Quoth she, I prithee tell me,
where did'st thou learn this game.
It was a young brisk Journey-man
that make it for his Dame,
With which he oft did please her,
and shee to him did say
And charg'd him that he should not see
the Whistle made away.

Then she did him desire
one other Tune to play
Which made her so admire,
she thus to him did say:
Of all the pleasant Musick
that ever I did know
The Comber's merry Whistle
shall for my money go.

when shall we two meet again
for pleasure and delight,
At any time or season,
by day, or eke by night:
Then count me very slothful,
if that you send for me,
When as I fail to meet my Dear:
so take these Kisses three.

With Allowance, Ro. L'Estrange.

F. Coles, T. Vere, J. Wright,
and J. Clarke [1674-1679]

[Source as 1st above, Bolle. poet. 185]

A new Ballad of Mother Watkins ale.

As Watkine walked by the way,
he met a las, and made her stay.
faire maide, quoth he, go you with me,
and Watkins ale I will give the.
She did not him denie,
but went forth merely,
and thanked him hartely,
for his good merry tale.
Watkin perceaving than,
that she did love a man,
with pleasant talk began
to walke along the dale
They slipped aside cleane out of sight;
what they did more, let Venus wright;
but as it seemed by poettes tale,
he gave her well of Watkins ale.

She said to Watkin lovingly:
whate ale is this which comes soe free?
tys Watkings ale, doe you not know,
tys now abroach, and layd full low.
yf Watkings ale be such,
I cannot drink too much,
I like so well the touch,
It is worthy of good sale:
Suger and claret wine,
malmsey and musketdine,
there tast is not so fine
as my sweet Watkings ale.
Watking, give me more of the same,
I like so well of this same game:
Ambroso with his fine flood,
nor Nextus drinke seeme halfe so good.

The mylkmayde went home merely,
and sunge for ioy with mirth and gle,
that she had sped of Watkings ale;
but marke the sequall of my tale:
ere fortye weekes was past,
this maide she went vnlaste;
she sweld beneath the waste,
her kirtle grew to shorte.
she sighed and sayde: alas!
how comes this geare to pass?
I am not as I was,
all spoyld is our sporte,
So lonng he fishe snaps at the baite,
she taken is by subtell sleyght,
Watkins ale and pleasant sporte,
that brought one in fooles paradice.

Where got you this? her mother saide.
at Watkings ale, whereas I stayde.
Is watkins ale of such force,
my daughter must goe seeke a nurce.
Watkins ale was so stronng,
I think it went not wronnge;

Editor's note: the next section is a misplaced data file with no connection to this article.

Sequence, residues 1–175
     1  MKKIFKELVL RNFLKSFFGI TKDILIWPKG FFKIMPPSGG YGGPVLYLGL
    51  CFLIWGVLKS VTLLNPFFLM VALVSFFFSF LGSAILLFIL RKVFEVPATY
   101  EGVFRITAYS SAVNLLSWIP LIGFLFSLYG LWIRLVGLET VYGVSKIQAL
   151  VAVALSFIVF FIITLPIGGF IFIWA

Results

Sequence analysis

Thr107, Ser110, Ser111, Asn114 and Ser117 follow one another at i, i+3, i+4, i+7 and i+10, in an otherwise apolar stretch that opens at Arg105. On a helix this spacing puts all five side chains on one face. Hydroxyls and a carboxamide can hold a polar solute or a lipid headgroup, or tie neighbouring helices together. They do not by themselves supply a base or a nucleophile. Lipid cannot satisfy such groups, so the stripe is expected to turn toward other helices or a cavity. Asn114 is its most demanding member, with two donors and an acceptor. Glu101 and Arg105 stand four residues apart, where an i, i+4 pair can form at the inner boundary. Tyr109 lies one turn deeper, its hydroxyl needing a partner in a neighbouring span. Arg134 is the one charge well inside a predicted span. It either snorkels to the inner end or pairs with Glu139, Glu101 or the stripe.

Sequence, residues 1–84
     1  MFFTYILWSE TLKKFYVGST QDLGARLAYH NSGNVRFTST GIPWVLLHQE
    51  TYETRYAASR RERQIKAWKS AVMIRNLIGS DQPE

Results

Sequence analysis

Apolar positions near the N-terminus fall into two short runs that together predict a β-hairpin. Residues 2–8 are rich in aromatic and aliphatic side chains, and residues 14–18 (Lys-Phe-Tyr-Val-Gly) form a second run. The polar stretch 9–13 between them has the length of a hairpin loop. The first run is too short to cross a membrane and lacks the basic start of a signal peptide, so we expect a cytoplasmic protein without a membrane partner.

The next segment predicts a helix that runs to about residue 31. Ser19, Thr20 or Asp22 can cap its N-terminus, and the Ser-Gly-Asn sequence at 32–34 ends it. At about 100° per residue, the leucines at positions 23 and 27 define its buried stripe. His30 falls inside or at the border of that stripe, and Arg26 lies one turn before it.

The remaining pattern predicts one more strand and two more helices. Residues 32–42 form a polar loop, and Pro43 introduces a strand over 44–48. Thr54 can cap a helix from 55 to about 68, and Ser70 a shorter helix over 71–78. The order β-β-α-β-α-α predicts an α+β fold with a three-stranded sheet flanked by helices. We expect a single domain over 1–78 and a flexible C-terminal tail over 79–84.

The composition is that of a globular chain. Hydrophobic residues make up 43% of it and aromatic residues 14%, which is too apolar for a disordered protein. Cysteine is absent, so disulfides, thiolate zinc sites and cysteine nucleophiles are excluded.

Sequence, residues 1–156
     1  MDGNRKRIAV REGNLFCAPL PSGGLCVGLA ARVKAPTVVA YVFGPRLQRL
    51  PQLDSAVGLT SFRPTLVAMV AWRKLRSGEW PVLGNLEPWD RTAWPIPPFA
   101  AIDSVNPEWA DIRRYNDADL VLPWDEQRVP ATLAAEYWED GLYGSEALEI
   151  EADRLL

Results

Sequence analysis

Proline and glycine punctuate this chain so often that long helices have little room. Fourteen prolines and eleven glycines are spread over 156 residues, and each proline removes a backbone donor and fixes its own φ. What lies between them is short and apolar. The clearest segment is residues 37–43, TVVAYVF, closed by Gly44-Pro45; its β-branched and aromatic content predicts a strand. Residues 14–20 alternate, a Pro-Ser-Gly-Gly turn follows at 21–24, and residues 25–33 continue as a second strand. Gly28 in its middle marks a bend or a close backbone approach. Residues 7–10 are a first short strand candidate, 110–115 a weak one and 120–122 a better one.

well spiced with pech lonnge,
Beaten in morter well,
hys ale most pleasant is;
with many a loving kisse,
he strikes to hit or miss,
my Watkings did excell.
Of Watking ale I tooke a pull,
that I have drunke my belly full;
the proverbe old, as I do thinke:
such ale I brew, such must I drinke.

Hath Watkings ale thus me betrayde,
I can no longer be a maide;
our maides and younge men storm at me,
as though the like could never be.
take heed, you silly fooles,
deale not in Venus scholes,
nor yet with Watkins tooles;
his ale full strong will rise.
buy not, before you cheape;
looke in time, before you leape.
Argoes was slayne a sleape
with all his hundred eyes.
My frend Watking hath such a lure,
he will your hartes to love procure,
and tell you many a faire tale,
tyll he hath given you of his ale.

Watking, my love from me is gone;
now for his sake I will trust none.
I may bewaile my great mishapp,
I have to shew within my lapp.
when my sweete babie crye,
I may singe lullabye.
she therefor hath this; why,
you lassis, consider,
make you no scorne at me;
you doe not know, perdie,
what chaunce maye fortune thee,
when you playe to gether.
my Watkinge was a livelie lade,
I was my owne that Watkinge had;
thus have you hard my merye tale.
I thanke Watkinge for his good ale.

[From Robert Lemon's Catalogue of a Collection of Printed Broadsides, 1866.]

A mery new Song.

Wherein is shewed the sorrowful Cudgelling of the Cobbler of
Colchester, and the great fault he committed against his wife,
for which he suffered hard penance.
To a pleasant new tune called Trill lill.

Walking abroad not long agoe,
it was my chance to spye
A Cobbler's wife, with crabbed looke,
how she her strength did trie.
A cudgell great she had in hand,
both round and tough withall,
The which about her husband's pate
she broke in pieces small;
So that the man to crye began,
with voice both sharpe and shrill.
But banging him round about
With courage strong and stout,
Have with you, my harts trill lill.

His sides she made both black and blew,
his head and nose did bleede,
And round about his cobling stoole
she made him trot with speede.
Upon his knees full oft he fell
her pardon for to praye;
But thwack and thwack, without remorce,
* * * * * *

Good people, quoth the Cobler then,
I pray you take some paine
To save me from my angry wife,
or els I shal be slaine.
The proudest scab in place, quoth she,
can do it if he dare;
And he shal beare a broken pate